Claimed expense for Ralph Klein constituency fundraiser

In October 2005, Redford bought four tickets, at $75 each, to a Calgary-Elbow Tory fundraiser at the Palomino Smokehouse restaurant in Calgary. Ralph Klein represented the riding.

Documents show one organizer asked Redford to whom the tax receipt should be issued. The association subsequently issued a receipt to Redford at her Calgary Health Region office address.  She claimed the expense and Grier approved it.

The documents also appear to show that on two occasions, Redford helped organize, on CHR time, an annual MLA barbeque in Bragg Creek.

At CHR expense, she spent hundreds of dollars on invitations, flower vases, ice, mix, fruit, and insect repellant. She also spent more than $200 on liquor for the 2007 Bragg Creek barbeque.

All these expenses were approved by Mark Kastner, the health region’s director of media relations, and later, the communications director for former Tory health minister Gary Mar’s unsuccessful leadership campaign.

 "(This) shows just how prevalent and how commonplace this behavior was that nobody questioned it," Mount Royal University political scientist Duane Bratt said. "Nobody thought twice about the fact that you had senior government officials providing financial support, and time support, for the governing party."

The documents detail Redford’s expenses from 2005 until 2009, when all health regions in the province, including Calgary Health, were melded into what is now Alberta Health Services. 

During that period, Redford, who was then the director of community engagement, met often with Tory ministers, MLAs and party officials. The documents show no meetings with MLAs from any other parties.

Expense claims ended when Calgary Health Region eliminated

But shortly after the formation of AHS, Redford’s political expense claims, and exclusive association with Tory ministers and MLAs, abruptly ended.

CBC News contacted former AHS chief executive officer Stephen Duckett. He declined an interview, but in an email from Australia, where he now lives, he said he immediately acted to stop all political spending and all "preferential access" to health care.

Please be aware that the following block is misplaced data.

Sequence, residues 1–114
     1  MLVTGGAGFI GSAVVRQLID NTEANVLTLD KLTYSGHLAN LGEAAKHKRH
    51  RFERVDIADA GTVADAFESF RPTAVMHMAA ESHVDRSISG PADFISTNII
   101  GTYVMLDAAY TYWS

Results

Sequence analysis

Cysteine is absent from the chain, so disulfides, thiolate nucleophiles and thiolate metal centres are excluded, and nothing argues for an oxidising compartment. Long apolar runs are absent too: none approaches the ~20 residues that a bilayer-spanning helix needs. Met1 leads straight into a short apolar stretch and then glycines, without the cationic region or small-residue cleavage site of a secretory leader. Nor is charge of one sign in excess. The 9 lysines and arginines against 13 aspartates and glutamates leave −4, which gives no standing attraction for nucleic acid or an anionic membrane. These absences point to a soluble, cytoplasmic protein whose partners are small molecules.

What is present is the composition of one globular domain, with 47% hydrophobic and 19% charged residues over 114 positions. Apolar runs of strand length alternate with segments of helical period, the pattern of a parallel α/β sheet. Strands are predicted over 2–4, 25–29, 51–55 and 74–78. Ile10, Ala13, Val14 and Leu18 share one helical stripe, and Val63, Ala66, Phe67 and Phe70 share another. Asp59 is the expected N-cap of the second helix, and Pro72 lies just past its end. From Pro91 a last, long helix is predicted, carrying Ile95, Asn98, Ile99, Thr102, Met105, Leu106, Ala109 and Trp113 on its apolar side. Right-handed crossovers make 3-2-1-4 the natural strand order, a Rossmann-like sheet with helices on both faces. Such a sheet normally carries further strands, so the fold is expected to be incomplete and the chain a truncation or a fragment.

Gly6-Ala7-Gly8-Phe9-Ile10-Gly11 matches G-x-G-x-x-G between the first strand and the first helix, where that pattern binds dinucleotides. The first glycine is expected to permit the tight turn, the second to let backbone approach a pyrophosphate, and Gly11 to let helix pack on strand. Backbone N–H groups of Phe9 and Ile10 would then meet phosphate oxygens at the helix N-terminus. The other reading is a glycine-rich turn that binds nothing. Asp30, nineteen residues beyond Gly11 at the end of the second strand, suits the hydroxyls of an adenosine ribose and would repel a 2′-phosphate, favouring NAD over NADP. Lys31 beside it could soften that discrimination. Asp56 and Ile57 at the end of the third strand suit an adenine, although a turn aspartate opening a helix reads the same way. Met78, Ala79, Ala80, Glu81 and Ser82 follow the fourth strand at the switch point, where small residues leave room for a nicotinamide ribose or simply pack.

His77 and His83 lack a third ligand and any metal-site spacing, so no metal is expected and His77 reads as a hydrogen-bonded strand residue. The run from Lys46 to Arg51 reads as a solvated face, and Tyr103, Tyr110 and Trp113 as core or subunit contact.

"I think I left AHS a better place ethically than when I found it, and attempted — not always successfully — to keep AHS mostly free of what some have described as the 'culture of corruption,'" said Duckett, who was fired in November 2010.

Bratt said it took an "outsider" like Duckett to end what he called this "accepted culture" of illegal donations and tacit Tory support.

"Would that have occurred with someone moving up the system internally?" Bratt asked. "Probably not."

An ongoing CBC News investigation, begun last year, has so far uncovered illegal donations by municipalities, colleges, universities, school boards and other publicly funded institutions banned by provincial law from making political donations. Alberta’s chief electoral officer has opened more than 80 files.

In August, CBC News first reported that AHS chief financial officer Allaudin Merali had claimed nearly $350,000 in expenses for lavish meals, expensive wine and repairs to his Mercedes Benz while he was an executive with the Capital Health Authority. 

Alberta Health Services fired Merali, and CEO Dr. Chris Eagle announced an independent audit of executives and board members of the former CHA. Alberta Health Services later backtracked, announcing that only Merali’s expenses would be audited.

Critics, however, criticized the AHS for only initially targeting the expenses of Capital Health executives, and not those of other health region executives.

These latest revelations caused New Democrat Rachel Notley to renew her party’s calls for an independent inquiry into election- financing irregularities in Alberta.

"Quite frankly, I think that that’s what you need; an independent inquiry (by) someone who is not beholden to the premier, and to this Conservative government,"  she said, adding it is the only way to end the culture of illegal donations that has taken root in the province during more than four decades of Conservative rule.